This is not to say that pieces of the puzzle weren’t evident, or that intelligent people were not already beginning to ask the right questions. It’s just that the questions could only be based on what was thought to be known, and what was known was not very much.
I can remember taking a computer class in high school (already well into the 1960’s) where we were taught to diligently inscribe a series punch cards with a 'number 2' pencil, which were then collated and fed to a machine the size of a large refrigerator, which then hacked and coughed for a while, finally yielding a half page printout of a list of fifty prime numbers.
Unless, of course, you had the misfortune to have penciled in the wrong box, in which case you just started all over again; a frustrating experience, which lead to one of my young colleagues, in a rage of frustration, placing one of the cards on the floor and proceeding to stomp on it repeatedly with his shoed foot, sending it on to the card reader --and probably producing the first computer virus-- a trick many of us would repeat when similarly frustrated. Your home computer can do these functions in micro-seconds, and the software to do it is considered so basic that it is usually packaged for free with the operating system.
More 'damned data' (Charles Fort's words, not mine): studies from the scientific literature which could pass for some of the more outlandish statements in The GenoType Diet:
The phenotype of an individual is the result of complex interactions between genotype, epigenome and current, past and ancestral environment, leading to lifelong remodelling of our epigenomes. Various replication-dependent and -independent epigenetic mechanisms are involved in developmental programming, lifelong stochastic and environmental deteriorations, circadian deteriorations, and transgenerational effects. Several types of sequences can be targets of a host of environmental factors and can be associated with specific epigenetic signatures and patterns of gene expression. Depending on the nature and intensity of the insult, the critical spatiotemporal windows and developmental or lifelong processes involved, these epigenetic alterations can lead to permanent changes in tissue and organ structure and function, or to reversible changes using appropriate epigenetic tools. Given several encouraging trials, prevention and therapy of age- and lifestyle-related diseases by individualised tailoring of optimal epigenetic diets or drugs are conceivable. However, these interventions will require intense efforts to unravel the complexity of these epigenetic, genetic and environment interactions and to evaluate their potential reversibility with minimal side effects.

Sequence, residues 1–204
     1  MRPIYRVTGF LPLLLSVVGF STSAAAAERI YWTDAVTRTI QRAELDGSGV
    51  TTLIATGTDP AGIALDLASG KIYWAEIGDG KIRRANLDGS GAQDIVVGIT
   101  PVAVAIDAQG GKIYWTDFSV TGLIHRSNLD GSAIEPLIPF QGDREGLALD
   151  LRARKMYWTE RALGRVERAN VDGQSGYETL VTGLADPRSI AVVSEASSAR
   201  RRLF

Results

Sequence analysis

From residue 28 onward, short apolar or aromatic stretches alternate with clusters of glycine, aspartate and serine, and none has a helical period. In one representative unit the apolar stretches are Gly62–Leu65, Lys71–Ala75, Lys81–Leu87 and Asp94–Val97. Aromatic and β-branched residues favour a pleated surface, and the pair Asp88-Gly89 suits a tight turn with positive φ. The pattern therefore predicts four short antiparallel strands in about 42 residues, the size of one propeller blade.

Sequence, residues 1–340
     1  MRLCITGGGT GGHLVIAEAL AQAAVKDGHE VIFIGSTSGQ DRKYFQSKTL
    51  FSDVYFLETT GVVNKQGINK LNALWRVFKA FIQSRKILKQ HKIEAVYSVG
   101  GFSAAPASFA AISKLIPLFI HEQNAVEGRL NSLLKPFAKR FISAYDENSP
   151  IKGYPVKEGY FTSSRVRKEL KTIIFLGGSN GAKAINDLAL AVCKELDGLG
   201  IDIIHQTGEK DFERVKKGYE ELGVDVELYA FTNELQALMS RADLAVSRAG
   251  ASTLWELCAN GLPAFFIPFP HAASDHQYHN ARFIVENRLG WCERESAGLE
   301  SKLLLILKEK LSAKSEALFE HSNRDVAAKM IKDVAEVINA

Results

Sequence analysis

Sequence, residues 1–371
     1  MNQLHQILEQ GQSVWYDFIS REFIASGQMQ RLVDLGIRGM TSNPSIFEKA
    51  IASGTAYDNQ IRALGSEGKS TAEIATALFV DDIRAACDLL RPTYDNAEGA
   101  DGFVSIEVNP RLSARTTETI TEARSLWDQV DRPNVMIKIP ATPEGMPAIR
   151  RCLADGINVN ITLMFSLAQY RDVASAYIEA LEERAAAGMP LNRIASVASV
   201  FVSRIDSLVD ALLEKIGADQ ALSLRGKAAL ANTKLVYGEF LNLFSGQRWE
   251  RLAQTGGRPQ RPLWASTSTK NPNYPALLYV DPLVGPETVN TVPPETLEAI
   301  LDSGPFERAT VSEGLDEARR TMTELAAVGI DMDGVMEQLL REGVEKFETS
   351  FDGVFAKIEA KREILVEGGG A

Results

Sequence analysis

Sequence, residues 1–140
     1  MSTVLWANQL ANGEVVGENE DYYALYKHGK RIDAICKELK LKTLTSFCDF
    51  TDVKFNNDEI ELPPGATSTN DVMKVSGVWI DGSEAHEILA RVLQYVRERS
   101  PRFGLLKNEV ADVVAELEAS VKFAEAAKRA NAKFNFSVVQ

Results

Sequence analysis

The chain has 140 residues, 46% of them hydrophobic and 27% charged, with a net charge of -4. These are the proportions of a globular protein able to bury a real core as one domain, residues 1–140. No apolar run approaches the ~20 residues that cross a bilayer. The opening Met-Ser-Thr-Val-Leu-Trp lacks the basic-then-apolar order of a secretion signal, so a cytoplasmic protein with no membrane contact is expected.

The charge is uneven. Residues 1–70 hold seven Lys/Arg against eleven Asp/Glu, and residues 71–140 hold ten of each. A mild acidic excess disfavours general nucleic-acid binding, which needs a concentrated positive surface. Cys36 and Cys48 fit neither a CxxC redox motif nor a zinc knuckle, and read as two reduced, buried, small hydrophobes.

Nutri-epigenomics: lifelong remodelling of our epigenomes by nutritional and metabolic factors and beyond. Clin Chem Lab Med. 2007;45(3):321-7
Epigenomics or epigenetics refers to the modification of DNA that can influence the phenotype through changing gene expression without altering the nucleotide sequence of the DNA. Two examples are methylation of DNA and acetylation of the histone DNA-binding proteins. Dietary components - both nutrients and nonnutrients - can influence these epigenetic events, altering genetic expression and potentially modifying disease risk. Some of these epigenetic changes appear to be heritable. Understanding the role that diet and nutrition play in modifying genetic expression is complex given the range of food choices, the diversity of nutrient intakes, the individual differences in genetic backgrounds and intestinal physiological environments where food is metabolized, as well as the impact on and acceptance of new technologies by consumers.